Guimilda, the newly-wed of Lord Albert, hates Josephine for having "prior claim to his heart". She felt that Lord Albert could never love her perfectly if his heart was occupied by a desire for Josephine. With this thought flustering her mind, Guimilda began to plot her revenge on Josephine when she first learns of his visits to see Josephine. Lord Albert did not put up a fight or discourage the murder. In fact, "he made not half the resistance she expected to encounter". Lord Albert pliantly went along with Guimilda's fiendish and evil plot because he had come to detest his mistress, Josephine. The conspiracy against Josephine by Guimilda and Lord Albert was a simple and unexpected deed. It was the absolute perfect timing for the transition from his previous mistress to his haughty bride. I believe Guimilda's boiling hatred for Josephine drives her to decide how Josephine will breathe her last breath on the wedding night of Lord Albert and Guimilda. Since Lord Albert typically brings a goblet of wine for Josephine as a refreshment, Guimilda's prepared poison is placed without the need of disguise. This marks Guimilda as a coward in my mind. Not only does she hide the method of murder, but she also cannot even do the deed herself. Her cowardice is proven when Guimilda flees to the convent at the sounds of the explosive storm and the sight of Josephine's ghost as she returns from the dead. She remains at the convent until her death put an ending to her mental sufferings.

Josephine's ghost appears to them in a monstrous thunderstorm, which shook the walls and lit up the sky and brought attention upon her grand entrance. This is the moment in which Lord Albert and Guimilda will have to face the consequences of their actions. The payment of their lives is not only for Josephine's murder but also her betrayal. Even with Josephine's life taken from her, she demands that Lord Albert grant his promise to her and allow her a midnight embrace. Upon the third embrace, "he started back in breathless agony and sank senselessly on the floor". The irony of the situation is that he took her last breath so in turn she took his as well. Josephine's deathlike form is described in a very different manner than her human form; it tells of how she "glided from the portal… with solemn pace", "she pressed her clammy lips to his", and how she "held him… in her noisome icy embrace". This completely contrasts her beauty, happiness, virtuous nature, and innocence of her human form.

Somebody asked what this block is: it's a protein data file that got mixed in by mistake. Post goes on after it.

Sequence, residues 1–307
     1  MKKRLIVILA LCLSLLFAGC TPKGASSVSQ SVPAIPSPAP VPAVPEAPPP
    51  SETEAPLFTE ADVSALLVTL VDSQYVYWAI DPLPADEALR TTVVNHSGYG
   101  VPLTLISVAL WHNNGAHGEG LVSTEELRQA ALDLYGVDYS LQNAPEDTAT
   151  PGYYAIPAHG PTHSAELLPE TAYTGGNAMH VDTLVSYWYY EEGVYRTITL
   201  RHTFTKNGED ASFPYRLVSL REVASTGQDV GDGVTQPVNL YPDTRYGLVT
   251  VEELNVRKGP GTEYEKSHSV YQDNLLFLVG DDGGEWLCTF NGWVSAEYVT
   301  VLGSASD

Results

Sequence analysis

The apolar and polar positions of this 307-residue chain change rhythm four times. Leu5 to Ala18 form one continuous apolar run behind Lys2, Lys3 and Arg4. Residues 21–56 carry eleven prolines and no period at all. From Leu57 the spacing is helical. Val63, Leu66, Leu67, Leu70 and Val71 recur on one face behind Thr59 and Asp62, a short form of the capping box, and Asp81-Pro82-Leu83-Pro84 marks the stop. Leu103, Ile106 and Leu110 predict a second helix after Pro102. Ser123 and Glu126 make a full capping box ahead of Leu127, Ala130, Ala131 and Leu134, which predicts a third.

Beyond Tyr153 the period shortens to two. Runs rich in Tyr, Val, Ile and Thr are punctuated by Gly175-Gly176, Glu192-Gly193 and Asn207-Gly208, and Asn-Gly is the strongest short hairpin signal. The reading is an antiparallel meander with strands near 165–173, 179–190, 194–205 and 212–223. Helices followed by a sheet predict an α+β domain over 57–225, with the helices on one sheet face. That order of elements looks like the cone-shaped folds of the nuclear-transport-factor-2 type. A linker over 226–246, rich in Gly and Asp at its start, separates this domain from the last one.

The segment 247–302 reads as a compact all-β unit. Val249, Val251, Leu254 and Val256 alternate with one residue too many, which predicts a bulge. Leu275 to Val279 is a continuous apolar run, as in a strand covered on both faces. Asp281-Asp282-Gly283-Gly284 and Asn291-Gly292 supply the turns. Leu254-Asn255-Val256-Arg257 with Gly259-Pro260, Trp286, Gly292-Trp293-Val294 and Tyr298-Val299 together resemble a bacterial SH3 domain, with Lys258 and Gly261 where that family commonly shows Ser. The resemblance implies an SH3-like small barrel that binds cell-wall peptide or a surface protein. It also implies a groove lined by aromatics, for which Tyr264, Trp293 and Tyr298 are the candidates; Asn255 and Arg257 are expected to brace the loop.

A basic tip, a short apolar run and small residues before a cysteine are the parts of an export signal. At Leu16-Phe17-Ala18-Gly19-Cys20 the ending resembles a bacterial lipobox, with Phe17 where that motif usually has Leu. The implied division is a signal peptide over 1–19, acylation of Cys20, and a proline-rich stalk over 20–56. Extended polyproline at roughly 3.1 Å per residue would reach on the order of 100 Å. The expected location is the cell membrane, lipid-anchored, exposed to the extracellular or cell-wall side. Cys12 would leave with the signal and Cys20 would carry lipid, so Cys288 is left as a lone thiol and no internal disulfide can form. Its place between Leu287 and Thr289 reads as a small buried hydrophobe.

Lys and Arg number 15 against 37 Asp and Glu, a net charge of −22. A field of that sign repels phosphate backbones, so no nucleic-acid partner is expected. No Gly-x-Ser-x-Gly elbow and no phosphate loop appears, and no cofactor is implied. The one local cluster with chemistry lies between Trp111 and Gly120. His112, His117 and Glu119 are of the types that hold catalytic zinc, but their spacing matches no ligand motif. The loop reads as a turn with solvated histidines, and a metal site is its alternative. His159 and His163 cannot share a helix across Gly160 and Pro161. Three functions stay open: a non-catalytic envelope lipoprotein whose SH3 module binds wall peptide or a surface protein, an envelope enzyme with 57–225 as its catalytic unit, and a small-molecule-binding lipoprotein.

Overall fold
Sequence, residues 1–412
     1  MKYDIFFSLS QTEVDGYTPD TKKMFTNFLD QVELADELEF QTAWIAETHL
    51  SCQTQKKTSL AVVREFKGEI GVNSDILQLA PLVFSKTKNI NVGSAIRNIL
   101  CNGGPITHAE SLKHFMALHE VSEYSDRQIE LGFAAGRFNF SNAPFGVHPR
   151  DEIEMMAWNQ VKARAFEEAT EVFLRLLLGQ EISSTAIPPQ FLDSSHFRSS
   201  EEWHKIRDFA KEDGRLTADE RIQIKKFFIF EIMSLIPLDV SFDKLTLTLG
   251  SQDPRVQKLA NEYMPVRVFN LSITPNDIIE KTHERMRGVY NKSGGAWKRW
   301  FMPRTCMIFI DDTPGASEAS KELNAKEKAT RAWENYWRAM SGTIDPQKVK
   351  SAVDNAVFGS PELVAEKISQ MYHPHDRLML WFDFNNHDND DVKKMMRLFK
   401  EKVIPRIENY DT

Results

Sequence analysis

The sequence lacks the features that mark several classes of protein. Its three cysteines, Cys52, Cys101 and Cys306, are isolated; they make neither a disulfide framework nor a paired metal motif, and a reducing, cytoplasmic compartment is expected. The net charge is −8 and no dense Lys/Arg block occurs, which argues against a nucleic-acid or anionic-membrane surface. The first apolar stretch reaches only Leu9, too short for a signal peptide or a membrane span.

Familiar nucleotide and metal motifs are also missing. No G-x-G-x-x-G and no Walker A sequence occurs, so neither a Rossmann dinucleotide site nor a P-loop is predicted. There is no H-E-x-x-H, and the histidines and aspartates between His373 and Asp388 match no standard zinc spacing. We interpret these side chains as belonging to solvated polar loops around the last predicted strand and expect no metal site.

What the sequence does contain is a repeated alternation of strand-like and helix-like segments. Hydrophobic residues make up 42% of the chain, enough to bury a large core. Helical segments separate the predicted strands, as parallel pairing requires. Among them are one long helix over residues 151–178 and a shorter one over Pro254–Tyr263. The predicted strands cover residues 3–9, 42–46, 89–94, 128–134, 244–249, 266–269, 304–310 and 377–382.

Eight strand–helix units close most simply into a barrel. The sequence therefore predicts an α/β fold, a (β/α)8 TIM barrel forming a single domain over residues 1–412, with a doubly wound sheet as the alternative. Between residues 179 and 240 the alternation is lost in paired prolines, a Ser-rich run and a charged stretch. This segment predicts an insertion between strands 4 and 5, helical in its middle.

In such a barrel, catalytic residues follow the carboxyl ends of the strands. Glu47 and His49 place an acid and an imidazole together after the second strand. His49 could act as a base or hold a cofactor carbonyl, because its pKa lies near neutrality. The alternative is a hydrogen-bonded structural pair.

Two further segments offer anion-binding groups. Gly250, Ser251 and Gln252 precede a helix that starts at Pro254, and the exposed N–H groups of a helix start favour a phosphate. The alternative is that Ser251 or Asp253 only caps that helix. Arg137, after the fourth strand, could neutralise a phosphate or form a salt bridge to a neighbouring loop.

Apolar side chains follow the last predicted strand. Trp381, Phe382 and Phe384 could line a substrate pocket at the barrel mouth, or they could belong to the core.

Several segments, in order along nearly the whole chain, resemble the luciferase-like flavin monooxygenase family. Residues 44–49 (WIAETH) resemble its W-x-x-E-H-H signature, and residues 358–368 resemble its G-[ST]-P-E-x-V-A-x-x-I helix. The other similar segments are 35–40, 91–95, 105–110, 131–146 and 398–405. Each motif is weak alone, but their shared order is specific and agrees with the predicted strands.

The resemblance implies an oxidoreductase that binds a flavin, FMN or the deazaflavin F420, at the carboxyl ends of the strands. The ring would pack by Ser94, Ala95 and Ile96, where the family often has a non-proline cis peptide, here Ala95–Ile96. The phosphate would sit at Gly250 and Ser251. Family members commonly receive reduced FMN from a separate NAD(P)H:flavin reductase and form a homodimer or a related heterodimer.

Main characters in the story make decisions that cause a domino effect to bring all of their lives to an abrupt and unhappy ending; including Lord Albert, Guimilda, and Josephine's ghost. With that being said, Josephine is plotted against for the selfish intentions of the other two main characters and finally gets her revenge with the repayment of their lives for hers when she comes back in a ghostly form. The settlement of lives would not have occurred if emotions of hatred and ideas of betrayal and deceit did not thrive within each character, except the pure Josephine. Though the reasoning for their choices seemed logical at the time, in the end the poor decisions made by each cost them the most ultimate price; their consequence was a torture-some death filled with excruciating pain and agony. The solutions acquired by their reasoning brought them all to an ill-fated last breath. The irrational decisions made by Lord Albert and Guimilda eventually caught up with them and was too much to handle. In the end, they got what they were asking for, just as Josephine got her midnight embrace.